We sleep in random people’s houses, thanks to AirBnB, we accept rides from strangers with Lyft, and in Germany, users of a new website are extending that level of trust to food. A filmmaker has created a sort of Craigslist for leftovers called FoodSharing.de. Fry up a little too much schnitzel? This site can connect you with a hungry person who’ll gladly take it off your hands.
The idea of meeting a stranger to take their soft peaches or week-old bread might not sound immediately appealing, but it’s a novel approach to the very serious problem of food waste. Germans throw away 30 percent of their food because it goes bad before they can eat it, the site’s creators say, and most rich countries suffer from the same issues. Last year, we Americans tossed almost 40 percent of our own food.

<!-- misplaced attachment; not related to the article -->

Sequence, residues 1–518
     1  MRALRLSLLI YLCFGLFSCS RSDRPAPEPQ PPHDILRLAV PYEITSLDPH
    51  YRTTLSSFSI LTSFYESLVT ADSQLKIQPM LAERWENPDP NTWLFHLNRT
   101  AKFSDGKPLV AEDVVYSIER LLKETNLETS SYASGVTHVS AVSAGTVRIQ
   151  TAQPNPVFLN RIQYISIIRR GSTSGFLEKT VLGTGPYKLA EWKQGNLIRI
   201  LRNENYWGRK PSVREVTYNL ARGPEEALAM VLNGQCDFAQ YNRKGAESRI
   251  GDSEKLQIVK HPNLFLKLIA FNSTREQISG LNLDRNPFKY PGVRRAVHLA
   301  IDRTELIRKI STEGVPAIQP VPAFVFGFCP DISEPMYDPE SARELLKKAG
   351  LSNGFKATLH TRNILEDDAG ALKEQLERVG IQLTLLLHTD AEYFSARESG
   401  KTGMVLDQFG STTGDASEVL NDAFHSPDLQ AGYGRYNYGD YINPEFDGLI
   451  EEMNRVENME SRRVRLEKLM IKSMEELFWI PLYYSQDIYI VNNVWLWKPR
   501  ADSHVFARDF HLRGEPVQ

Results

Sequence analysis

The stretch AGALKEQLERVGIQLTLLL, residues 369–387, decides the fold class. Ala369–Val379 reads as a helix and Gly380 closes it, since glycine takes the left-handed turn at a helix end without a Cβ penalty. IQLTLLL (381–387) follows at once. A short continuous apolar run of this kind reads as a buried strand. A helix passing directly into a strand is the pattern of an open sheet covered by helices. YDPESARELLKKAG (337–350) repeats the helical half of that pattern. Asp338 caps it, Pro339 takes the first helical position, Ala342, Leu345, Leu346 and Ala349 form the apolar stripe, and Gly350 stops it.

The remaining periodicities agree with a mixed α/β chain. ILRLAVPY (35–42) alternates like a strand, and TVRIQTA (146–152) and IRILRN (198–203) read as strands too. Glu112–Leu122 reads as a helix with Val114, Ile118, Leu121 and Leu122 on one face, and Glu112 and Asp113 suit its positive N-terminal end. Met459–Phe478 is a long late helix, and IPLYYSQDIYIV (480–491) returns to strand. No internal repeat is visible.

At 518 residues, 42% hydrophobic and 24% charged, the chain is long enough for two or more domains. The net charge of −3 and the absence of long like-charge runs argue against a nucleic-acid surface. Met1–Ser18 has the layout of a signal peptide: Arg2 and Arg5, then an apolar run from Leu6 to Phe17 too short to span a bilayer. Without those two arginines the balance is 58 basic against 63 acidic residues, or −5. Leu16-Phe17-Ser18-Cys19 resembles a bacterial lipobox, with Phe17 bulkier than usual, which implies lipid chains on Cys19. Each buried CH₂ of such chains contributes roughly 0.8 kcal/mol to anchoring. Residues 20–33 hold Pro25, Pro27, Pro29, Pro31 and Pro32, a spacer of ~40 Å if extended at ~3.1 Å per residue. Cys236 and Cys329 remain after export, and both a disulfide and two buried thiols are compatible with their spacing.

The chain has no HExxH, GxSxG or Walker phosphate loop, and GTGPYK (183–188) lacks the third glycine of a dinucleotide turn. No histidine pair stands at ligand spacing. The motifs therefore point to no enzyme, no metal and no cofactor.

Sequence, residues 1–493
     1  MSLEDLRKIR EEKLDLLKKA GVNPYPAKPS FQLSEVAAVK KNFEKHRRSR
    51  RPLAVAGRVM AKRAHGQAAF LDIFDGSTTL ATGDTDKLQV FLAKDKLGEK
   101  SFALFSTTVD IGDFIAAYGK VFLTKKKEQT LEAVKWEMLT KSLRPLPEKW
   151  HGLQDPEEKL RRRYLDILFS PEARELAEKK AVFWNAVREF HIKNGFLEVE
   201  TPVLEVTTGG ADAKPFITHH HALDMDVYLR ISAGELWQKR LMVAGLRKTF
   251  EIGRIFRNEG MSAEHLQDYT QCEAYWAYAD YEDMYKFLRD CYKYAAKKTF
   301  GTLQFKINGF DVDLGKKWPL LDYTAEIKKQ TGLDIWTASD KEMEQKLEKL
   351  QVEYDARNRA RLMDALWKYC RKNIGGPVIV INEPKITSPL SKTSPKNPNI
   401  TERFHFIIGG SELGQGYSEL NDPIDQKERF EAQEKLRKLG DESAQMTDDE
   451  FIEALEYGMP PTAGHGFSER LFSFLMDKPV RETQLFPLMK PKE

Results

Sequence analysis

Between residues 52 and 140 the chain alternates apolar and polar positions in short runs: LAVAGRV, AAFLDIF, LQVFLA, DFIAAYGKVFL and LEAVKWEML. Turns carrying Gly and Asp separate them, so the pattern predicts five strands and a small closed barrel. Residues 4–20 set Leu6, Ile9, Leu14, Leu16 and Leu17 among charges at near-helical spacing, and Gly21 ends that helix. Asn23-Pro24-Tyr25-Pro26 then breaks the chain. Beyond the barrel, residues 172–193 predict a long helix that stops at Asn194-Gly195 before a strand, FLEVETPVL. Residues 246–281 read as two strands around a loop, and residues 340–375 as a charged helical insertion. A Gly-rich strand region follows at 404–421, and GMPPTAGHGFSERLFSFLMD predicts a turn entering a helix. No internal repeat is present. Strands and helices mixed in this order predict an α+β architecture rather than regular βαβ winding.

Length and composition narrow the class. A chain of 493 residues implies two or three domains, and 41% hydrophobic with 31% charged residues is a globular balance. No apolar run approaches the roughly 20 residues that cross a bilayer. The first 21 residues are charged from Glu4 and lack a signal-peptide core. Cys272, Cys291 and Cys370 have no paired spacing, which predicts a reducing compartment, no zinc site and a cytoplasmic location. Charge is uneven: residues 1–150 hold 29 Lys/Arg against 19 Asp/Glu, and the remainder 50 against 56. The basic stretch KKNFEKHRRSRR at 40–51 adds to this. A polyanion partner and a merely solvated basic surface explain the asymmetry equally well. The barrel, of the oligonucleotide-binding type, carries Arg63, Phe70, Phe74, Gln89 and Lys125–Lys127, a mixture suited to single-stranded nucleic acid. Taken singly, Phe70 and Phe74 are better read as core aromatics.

FoodSharing seems to be making a difference. In a little more than a year, 43,000 people signed up to give and take food on the site. Today in Berlin you can snag some plum wine, in Hamburg you can get a pound of carrots and in Munich you can have some vaguely described “tropical fruit.” One thing that makes FoodSharing different from similar ventures is that, while it is a nonprofit, it is not really a charity. The goal is not just to hand out food to the needy, but to use as much of it as possible. So if you just happen to need an extra couple of eggs for a cake you’re baking, you can head to the site and see what’s on offer.
Interestingly, the program has increased its network without very much oversight. Just as when you decide to buy electronics on Craigslist, the responsibility for what you take from strangers lies with you. In fact, when you create an account with FoodSharing you have to sign off on a clause that says you will not take any legal action against the food providers should anything happen to you.
Though you can’t sue anyone for giving you a bad apple, you can leave ratings. If only we could rate that weirdo who sold us that knockoff iPhone.
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